Metal AMS
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1 - Revealing the complexity of 3D printed microstructures of steels


Differing from conventionally processed steels, products processed by additive manufacturing experience distinct solidification thermal conditions and solid-state phase transformation processes, resulting in unique microstructures. Additive manufacturing microstructures are formed at rapid solidification rates and high thermal gradients, causing chemical heterogeneities that subsequently evolve by the melting and deposition of several subsequent layers. Processing parameters affect the evolution of key microstructural features including the solidification morphology, segregation, grain structure (size and shape), crystallographic texture, microstructure stability, secondary phases, defects and inclusions. In this work, some typical microstructures produced by laser powder bed fusion (LPBF) in commonly used steels, i.e. 18Ni maraging steel, tool steels and 316L stainless steels, will be illustrated. The main objective of this work is to unveil how chemical and microstructural heterogeneity at the micro- and nano-scale of additively manufactured steels affect the microstructural evolution during printing and post heat-treatments. Advanced microstructural characterization, including spatially resolved composition investigations, reveal the micro- and nanostructures of apparently well-known materials after synthesizing and processing them via novel additive manufacturing methods. Atom probe tomography investigations were conducted at the Center for Nanophase Materials Sciences, which is a DOE Office of Science User Facility (Ref. CNMS2022-B-01449)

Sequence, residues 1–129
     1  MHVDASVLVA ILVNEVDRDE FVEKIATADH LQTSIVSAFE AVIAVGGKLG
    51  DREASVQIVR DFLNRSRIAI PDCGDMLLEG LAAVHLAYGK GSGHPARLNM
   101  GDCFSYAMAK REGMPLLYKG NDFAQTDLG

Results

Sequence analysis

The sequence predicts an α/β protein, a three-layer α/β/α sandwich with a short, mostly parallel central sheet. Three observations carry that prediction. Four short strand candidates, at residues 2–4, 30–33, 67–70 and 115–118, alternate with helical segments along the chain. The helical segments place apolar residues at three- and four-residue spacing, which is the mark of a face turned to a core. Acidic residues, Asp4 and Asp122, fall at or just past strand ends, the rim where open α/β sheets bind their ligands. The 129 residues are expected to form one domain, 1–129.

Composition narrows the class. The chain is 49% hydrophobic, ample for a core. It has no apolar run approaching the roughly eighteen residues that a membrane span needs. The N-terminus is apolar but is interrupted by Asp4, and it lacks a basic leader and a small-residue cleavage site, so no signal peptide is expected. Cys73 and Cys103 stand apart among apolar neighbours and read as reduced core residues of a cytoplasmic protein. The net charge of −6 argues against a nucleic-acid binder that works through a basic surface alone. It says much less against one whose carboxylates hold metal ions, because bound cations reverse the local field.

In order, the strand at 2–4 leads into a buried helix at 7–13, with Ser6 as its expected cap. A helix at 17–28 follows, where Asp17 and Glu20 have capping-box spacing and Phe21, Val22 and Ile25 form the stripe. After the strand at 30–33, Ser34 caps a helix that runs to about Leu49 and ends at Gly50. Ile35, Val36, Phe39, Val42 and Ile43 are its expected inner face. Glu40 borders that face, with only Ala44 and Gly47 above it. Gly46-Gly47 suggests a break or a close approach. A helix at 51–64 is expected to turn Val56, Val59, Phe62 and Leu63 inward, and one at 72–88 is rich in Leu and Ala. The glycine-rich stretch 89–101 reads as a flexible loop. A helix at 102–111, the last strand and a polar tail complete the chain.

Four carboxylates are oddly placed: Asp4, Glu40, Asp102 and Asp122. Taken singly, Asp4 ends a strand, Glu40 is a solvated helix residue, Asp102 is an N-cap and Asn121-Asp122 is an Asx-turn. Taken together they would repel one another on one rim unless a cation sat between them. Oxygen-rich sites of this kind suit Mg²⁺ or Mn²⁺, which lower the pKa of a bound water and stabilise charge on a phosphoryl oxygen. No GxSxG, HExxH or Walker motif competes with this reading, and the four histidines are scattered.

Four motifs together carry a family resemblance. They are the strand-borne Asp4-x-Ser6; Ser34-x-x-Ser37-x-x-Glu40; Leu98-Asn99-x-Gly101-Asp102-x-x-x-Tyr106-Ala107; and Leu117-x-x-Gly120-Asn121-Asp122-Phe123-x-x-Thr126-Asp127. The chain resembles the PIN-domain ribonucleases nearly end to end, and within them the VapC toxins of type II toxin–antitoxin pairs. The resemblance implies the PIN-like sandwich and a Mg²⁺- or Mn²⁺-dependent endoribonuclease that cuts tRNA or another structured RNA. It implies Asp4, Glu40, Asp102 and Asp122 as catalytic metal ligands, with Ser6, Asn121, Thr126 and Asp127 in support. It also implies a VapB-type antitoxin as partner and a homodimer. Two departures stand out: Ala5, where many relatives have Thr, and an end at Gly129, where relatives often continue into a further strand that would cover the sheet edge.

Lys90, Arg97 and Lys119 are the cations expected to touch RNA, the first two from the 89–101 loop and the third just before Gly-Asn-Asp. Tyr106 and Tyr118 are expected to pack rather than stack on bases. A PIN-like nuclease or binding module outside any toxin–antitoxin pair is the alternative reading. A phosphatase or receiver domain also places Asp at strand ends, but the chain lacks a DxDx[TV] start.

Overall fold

CENIM-CSIC, Madrid, Spain

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1 - Revealing the complexity of 3D printed microstructures of steels



3:00 pm -3:30 pm


Room 6